Flatulence 101: The Fundamentals Behind Why Human Farts
We are all familiar with flatulence, or as most would commonly call it, farting. When it happens, most will take it either way: funny, embarrassing, or offensive. It can happen with a thunderous arrival or a long and comedic tune. It sometimes even goes unnoticed – silent and deadly.
But how does flatulence occur?
Flatulence is a normal bodily process that occurs when bacteria found in the large intestine break down things in our diet that our body does not break down. In the process, gas is produced as a by-product. If our body does not release the gas, we will naturally explode.
The human body releases gas in two ways: flatulence and burping. Flatulence happens in the lower gastrointestinal tract, while burping occurs in the upper gastrointestinal tract when we swallow air.
Why does flatulence stink?
Most of the time, flatulence does not smell bad because it contains odourless gases, including oxygen, hydrogen, nitrogen, carbon dioxide, and methane. However, the times that it stinks, the gas released may have a small amount of hydrogen sulphide, which contributes to the rotten egg smell. Other factors of stinky farts might be the by-products produced when the gut bacteria in the colon break down meat and if faeces are present in the rectum when you fart.
What drinks and foods contribute to flatulence?
Often when patients visit doctors for excessive flatulence, the first thing many doctors will check is their diet history. Some foods are highly associated with contributing to flatulence, such as:
- Sugars, such as table sugar (glucose), milk sugar (lactose), and fruit sugar (fructose)
- Beans, such as kidney beans, pinto beans, and black beans
- Beverages, such as milk and apple juice
- Dairy products, such as ice cream and cheese, as well as recipes that consist of added lactose
- Vegetables, such as broccoli, brussels sprouts, onions, asparagus, cabbage, cucumbers, and carrots
- Whole grains, such as whole wheat and bran
Foods associated with contributing to stinky flatulence include beans, coffee, eggs, prunes, asparagus, cabbage, dairy products, and onions.
When should flatulence warrant a doctor’s visit?
When it becomes excessive to the point you feel uncomfortable. As long as you have noticed specific changes in the intensity and frequency of flatulence, and especially when you start to experience abdominal pain, it is highly recommended then to visit your family doctor or a gastroenterologist.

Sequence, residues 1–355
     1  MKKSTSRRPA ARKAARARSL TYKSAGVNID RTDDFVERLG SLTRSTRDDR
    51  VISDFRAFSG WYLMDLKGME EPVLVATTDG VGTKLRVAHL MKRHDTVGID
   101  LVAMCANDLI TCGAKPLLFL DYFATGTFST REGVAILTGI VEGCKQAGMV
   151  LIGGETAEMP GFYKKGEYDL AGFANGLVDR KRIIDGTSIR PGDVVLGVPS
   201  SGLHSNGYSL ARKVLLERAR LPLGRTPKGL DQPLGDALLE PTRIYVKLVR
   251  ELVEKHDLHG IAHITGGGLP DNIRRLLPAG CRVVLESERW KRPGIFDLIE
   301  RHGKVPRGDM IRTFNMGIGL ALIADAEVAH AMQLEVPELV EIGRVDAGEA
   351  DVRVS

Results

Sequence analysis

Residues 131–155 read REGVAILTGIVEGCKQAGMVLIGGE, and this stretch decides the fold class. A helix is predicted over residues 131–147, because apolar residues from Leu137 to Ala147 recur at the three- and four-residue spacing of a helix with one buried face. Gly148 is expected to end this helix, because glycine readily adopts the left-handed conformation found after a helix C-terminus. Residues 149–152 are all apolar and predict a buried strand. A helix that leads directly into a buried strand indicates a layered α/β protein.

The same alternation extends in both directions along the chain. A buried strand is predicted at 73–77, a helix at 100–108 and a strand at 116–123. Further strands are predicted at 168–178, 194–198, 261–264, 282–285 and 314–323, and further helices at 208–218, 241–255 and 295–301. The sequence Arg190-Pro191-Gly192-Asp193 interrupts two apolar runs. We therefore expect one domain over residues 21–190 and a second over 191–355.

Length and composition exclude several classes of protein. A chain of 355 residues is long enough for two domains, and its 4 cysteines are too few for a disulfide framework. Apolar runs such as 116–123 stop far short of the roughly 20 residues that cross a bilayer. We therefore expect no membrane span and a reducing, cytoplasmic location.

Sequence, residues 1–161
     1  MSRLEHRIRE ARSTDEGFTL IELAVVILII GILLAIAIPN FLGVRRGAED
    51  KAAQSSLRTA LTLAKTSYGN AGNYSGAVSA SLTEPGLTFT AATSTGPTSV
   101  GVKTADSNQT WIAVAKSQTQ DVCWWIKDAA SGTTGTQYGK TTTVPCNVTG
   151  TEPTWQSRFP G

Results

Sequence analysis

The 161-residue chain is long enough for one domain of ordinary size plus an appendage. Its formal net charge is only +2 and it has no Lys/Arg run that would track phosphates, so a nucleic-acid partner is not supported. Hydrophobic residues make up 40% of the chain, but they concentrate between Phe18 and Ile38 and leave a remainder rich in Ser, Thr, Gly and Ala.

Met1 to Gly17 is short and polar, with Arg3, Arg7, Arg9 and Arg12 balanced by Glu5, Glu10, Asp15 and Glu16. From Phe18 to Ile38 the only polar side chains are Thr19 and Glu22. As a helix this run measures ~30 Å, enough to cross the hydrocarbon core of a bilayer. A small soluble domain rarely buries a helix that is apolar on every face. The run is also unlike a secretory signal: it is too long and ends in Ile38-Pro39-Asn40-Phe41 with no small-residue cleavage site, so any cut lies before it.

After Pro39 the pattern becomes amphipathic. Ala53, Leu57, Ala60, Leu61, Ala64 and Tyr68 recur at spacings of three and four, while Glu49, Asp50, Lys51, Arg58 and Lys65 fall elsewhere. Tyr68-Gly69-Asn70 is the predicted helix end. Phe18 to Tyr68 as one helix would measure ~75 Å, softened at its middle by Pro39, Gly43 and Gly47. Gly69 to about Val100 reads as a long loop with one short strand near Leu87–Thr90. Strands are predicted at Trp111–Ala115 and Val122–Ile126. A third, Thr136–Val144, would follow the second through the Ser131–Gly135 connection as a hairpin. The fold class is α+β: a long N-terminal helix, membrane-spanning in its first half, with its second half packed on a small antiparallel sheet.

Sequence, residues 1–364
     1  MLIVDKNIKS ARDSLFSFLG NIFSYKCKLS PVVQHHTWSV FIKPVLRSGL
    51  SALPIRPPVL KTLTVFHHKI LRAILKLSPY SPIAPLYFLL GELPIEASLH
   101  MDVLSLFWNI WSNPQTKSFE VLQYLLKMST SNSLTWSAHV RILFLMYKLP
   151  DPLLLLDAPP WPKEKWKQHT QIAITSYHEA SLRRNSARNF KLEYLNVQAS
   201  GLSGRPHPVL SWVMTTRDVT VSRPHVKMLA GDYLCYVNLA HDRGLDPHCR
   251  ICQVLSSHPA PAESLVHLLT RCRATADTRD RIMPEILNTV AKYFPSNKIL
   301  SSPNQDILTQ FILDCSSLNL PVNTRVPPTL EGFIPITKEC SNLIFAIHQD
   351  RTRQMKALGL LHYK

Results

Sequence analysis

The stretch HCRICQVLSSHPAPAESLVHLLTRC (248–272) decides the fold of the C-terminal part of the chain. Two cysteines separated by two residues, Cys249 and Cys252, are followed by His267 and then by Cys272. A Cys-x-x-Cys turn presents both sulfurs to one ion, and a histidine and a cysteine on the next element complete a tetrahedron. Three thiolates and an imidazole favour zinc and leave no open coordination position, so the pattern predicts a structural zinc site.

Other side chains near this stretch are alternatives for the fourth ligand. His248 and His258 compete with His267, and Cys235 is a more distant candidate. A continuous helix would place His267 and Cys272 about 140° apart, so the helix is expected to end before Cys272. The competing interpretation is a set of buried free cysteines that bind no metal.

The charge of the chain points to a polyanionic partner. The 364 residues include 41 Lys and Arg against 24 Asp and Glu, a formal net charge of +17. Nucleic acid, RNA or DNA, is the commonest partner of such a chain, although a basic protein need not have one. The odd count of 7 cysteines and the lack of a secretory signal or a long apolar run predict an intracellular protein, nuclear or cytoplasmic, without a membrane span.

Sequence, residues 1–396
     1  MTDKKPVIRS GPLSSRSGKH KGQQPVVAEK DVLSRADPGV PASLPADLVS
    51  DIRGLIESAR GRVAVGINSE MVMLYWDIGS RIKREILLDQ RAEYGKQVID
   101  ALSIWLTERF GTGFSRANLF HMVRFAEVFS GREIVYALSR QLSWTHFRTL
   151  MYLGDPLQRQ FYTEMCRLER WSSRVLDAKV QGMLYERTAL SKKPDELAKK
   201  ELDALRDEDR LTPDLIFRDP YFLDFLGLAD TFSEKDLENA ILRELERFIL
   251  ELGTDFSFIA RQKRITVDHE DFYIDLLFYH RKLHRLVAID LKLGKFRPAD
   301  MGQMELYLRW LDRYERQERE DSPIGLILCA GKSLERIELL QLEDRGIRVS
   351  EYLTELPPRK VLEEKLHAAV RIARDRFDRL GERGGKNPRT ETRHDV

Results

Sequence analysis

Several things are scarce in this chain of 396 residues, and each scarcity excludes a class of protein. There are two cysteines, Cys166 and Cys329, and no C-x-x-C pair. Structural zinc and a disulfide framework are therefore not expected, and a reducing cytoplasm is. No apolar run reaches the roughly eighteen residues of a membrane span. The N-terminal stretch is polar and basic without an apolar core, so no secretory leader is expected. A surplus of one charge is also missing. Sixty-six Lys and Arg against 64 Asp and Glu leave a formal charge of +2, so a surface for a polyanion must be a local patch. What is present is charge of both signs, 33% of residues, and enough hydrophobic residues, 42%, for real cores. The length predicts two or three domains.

What kind of medical conditions result in excessive gas?
Medical conditions that result in excessive flatulence happen through several mechanisms. Celiac disease and lactose intolerance result in bloating and flatulence because the body has difficulty breaking down certain carb elements. Other conditions, such as dumping syndrome, abdominal hernia, and abdominal adhesions, result in the stomach functioning abnormally, with excessive gas being one of the critical symptoms. Additionally, certain medications, such as antacids and ibuprofen, may lead to an increase in the production of gas.
Fun Flatulence Facts
- A human may fart up to 21 times a day
- Farts are flammable because they contain methane and hydrogen
Flatulence is a normal process that can be maintained with the proper lifestyle and diet habits. Nevertheless, if you struggle with excessive flatulence, it might be best to make a doctor’s appointment or visit any of our gastroenterologists at GutCare. If your flatulence is found to be related to a specific health condition, then treating it as soon as possible will make you comfortable and healthy. Besides the usual gut conditions, we also offer haemorrhoid treatment. Visit https://www.gutcare.com.sg/ to make an appointment today!